Authors: Caro Soles
Tags: #Science Fiction
The Abulon Dance
By Caro Soles
Copyright 2012 by Caro Soles
Cover Copyright 2012 by Ginny Glass
and Untreed Reads Publishing
The author is hereby established as the sole holder of the copyright. Either the publisher (Untreed Reads) or author may enforce copyrights to the fullest extent.
This ebook is licensed for your personal enjoyment only. This ebook may not be resold, reproduced or transmitted by any means in any form or given away to other people without specific permission from the author and/or publisher. If you would like to share this book with another person, please purchase an additional copy for each person you share it with. If you’re reading this book and did not purchase it, or it was not purchased for your use only, then please return to your ebook retailer and purchase your own copy. Thank you for respecting the hard work of this author.
This is a work of fiction. Any resemblance to the living or dead is entirely coincidental.
Also by Caro Soles and Untreed Reads Publishing
The Danger Dance
The Abulon Dance
A novel set in the world of
the hermaphrodites of Merculian
Those who are helpful and encouraging to writers, those who enjoy what we create, or at least claim to, are appreciated far more than they may ever realize. Know that sometimes a single word of praise is all that keeps us from despair.
Now is my chance to thank some of you who were helpful along the way with the
novels. Thank you to Iréna Zvagulis, who was there at the birth of the Merculians and kept dropping in to find out what happened next; to Nancy Kilpatrick and Helen Lightbown who were unfailing in their editorial insights; to Terry Tweed who loves to read. And thanks to Elizabeth Gershman who fell in love with Triani and whose letters kept me going with the series; to Josepha Sherman for shedding light on plot problems; and to Gordon Montador and Norman Laurila, who gave me hope. And last of all, to Jack Scovil, just for being there, and keeping that hope alive.
The twin moons of Merculian cast double shadows on the grass as the air car skimmed over the ground. Cham leaned forward in the passenger seat.
“Look! I told you there’s an artificial lake!” He pointed to the flash of silver as the car swooped lower.
“You sure you got enough credits to cover the fare?” the driver said.
Cham swallowed. “Don’t worry,
. I’m sure.” He forced himself to settle back and let the seat reform to embrace his diminutive frame.
The instrument lights threw a pale image of his young face on the curving window. He was small, even for a Merculian, being well under the normal five feet. His long, silver-blond curls framed an angelic face, the round eyes a clear grey, outlined in black and flecked with gold. He studied his reflection a moment, then lifted a nervous hand to his hair.
“This place belongs to that famous dancer, don’t it?” the driver said. “What’s his name again? Jani? Tani?”
“Triani. It’s his country place. He’s my lover, did I tell you?”
“You don’t say!” The driver looked at him more closely, his round, Merculian eyes bright with curiosity. “But you’re just a kid!”
Cham grinned impishly. “I’m precocious,” he said, tossing back his hair.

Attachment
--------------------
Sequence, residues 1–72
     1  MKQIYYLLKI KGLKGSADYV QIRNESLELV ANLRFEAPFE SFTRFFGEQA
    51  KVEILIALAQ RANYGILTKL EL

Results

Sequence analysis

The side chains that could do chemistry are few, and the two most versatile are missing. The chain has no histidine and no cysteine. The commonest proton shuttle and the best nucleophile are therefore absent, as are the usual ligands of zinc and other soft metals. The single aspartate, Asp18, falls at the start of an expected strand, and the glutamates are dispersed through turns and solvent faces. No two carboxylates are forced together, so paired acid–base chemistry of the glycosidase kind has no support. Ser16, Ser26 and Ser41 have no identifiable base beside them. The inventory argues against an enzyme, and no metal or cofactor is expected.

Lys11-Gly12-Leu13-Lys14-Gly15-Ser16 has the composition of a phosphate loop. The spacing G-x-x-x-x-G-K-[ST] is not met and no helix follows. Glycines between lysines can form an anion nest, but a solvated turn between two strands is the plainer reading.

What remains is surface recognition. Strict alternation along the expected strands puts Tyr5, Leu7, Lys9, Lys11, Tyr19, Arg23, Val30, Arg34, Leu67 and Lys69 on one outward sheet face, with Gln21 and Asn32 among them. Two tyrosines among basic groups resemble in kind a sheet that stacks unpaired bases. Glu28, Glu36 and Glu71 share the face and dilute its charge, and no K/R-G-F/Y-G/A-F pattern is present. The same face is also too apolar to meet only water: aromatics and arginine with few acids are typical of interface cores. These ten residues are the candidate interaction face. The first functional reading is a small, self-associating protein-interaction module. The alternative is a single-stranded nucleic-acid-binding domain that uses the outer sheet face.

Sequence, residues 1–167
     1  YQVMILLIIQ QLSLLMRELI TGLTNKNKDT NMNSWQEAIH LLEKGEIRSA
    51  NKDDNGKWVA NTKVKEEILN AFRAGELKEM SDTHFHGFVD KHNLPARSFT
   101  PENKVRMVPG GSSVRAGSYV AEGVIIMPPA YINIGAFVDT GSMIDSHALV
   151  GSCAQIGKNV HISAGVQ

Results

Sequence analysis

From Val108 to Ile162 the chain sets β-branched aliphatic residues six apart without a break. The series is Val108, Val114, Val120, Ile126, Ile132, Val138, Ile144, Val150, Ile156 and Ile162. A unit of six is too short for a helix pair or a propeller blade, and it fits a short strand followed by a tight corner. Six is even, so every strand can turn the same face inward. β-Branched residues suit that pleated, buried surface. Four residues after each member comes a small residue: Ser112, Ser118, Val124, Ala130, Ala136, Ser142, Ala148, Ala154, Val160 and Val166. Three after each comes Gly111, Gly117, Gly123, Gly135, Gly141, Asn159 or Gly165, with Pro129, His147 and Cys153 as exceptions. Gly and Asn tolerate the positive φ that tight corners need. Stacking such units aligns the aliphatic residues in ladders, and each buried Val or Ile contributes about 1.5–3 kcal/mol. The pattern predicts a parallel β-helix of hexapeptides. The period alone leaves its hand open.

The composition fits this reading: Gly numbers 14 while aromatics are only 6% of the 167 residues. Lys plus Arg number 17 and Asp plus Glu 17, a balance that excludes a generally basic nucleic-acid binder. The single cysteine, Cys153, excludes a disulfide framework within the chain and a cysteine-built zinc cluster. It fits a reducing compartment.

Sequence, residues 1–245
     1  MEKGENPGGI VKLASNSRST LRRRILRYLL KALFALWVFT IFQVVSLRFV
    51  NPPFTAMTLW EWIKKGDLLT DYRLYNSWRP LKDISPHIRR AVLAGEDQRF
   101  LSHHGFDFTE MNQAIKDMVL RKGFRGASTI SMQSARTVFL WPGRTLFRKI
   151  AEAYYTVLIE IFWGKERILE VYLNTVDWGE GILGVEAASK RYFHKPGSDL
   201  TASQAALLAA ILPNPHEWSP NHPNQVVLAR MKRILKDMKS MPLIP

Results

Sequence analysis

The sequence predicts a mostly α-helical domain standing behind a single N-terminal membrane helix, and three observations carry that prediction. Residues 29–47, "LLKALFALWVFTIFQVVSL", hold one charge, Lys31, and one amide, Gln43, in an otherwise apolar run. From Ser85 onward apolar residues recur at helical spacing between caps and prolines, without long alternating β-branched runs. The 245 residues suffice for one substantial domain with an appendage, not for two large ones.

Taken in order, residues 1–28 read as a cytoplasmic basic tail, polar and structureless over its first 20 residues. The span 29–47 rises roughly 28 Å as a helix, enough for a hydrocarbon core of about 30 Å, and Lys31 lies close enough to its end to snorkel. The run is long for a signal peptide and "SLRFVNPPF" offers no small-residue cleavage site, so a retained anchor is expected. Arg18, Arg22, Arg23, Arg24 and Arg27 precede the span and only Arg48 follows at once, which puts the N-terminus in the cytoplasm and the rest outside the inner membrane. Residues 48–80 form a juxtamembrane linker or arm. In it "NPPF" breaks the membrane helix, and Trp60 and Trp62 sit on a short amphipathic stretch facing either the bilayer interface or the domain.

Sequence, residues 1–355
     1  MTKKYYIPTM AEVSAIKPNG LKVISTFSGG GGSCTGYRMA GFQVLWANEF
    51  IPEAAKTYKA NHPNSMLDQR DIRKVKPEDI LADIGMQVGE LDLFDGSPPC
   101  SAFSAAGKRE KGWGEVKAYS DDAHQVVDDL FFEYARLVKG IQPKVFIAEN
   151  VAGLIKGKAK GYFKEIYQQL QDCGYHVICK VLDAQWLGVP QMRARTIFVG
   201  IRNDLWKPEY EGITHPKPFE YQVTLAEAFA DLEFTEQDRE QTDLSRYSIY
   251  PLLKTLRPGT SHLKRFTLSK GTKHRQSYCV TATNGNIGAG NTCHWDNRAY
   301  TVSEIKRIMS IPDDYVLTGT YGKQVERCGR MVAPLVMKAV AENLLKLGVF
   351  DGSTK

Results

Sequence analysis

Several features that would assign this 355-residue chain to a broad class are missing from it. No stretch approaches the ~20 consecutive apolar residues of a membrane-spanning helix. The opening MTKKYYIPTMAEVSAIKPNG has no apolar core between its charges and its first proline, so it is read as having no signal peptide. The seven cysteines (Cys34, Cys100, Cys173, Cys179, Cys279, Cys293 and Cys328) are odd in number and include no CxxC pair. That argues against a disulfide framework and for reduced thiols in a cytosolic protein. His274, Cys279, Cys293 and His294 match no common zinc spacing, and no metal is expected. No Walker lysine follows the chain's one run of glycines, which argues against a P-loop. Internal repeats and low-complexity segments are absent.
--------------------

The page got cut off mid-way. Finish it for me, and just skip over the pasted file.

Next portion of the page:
The driver laughed. “You a dancer, too?”
“I will be. One of these days, it’ll be me up there on stage. Chamion Adino Esseris. Maybe I should write the name down for you.”
“It’s okay, kid. I’ll remember.”
Below them, the brightly lit house nestled behind its protective walls and shrubbery, covered by its tinted blue domes. The air car hovered over the tree tops for a moment, then the engines cut back to a faint hum as they landed on the crowded parking strip. Cham looked eagerly towards the ornate door hanging in the wall, that lead to the courtyard. As he handed the driver his cred-ID disk, he hoped Triani had remembered to put some credits in his name lately. Once before he had forgotten. It had been very embarrassing. This time, however, there was no acid comment from the electronic voice, just a purringly smooth ‘thank-you’ from the instrument panel. “Looks like a real big do,” the driver remarked, handing back his disk.
Cham nodded. “It’s a farewell party. The Company’s going to Abulon next week.”
“Abulon? Never heard of it.”
“You will!” Cham waved as he stepped off the small dismount platform and started towards the door.
“Good luck!” the driver called after him and the car hummed away.
Cham hesitated for a moment. Beside him, the blue shrubbery sighed and whistled with tiny night birds, their soft music soothing on the air. Luck. He shivered. Why was he so afraid his was about to run out? Taking a big breath, he reached out and held his hand under the beam of violet light in front of the shimmering gate. It dissolved to let him through. Triani’s parties were famous. There was always at least one hologram band, tables piled high with rare delicacies, Crushed Emeralds served in silver goblets and sparkling Merculian wine flowing freely from a fountain in the courtyard. But it was more than the expectation of a good party that made Cham’s stomach churn with nervous excitement. This was a celebration for him. Last night, Triani had told him he was coming to Abulon, too, news that flooded his heart with joy, and sent his active imagination spinning off in panic. Cham longed to visit mysterious new worlds, but now that he had what he wanted, he was apprehensive. Abulon had been in self-imposed isolation for centuries. All that was known about the place was gleaned from the reports brought back by the Primary Contact Team and most of that hadn’t been made public. Anything could happen in such a place. The frightening possibility occurred to him that they might never get home again. Still, unlike the others, he had never been away from Merculian. It was a dream come true, and he was determined to enjoy himself. Cham slid quickly through the brightly dressed crowd, following the music. The large, central space pulsated with sound, glittered with color and movement. The noise beat against the twinkling lights on the domed ceiling. Most of the guests were dancers from the Merculian National Dance Company and it showed in their lithe bodies, their acrobatic abandon. They filled the dance floor, graceful, androgynous, bathed in the insistent beat of the music. Their round eyes were bright with wine and their own inner fire. Their muscular bodies vibrated. Some had taken off their velvet or satin tunics and tossed them casually to the side. Their smooth torsos, glistening with sweat, rippled under the many-colored, winking lights. Some wore long, beautiful robes whose iridescent hues slid together as they moved. A few wore more tightfitting garb, proud to show the small breasts and softer curves that came with childbirth and the nursing period. Each one was alone in his intensity, yet linked to his partner by an almost mystical union. Tactile telepaths, they had only to touch to sense each other’s feelings.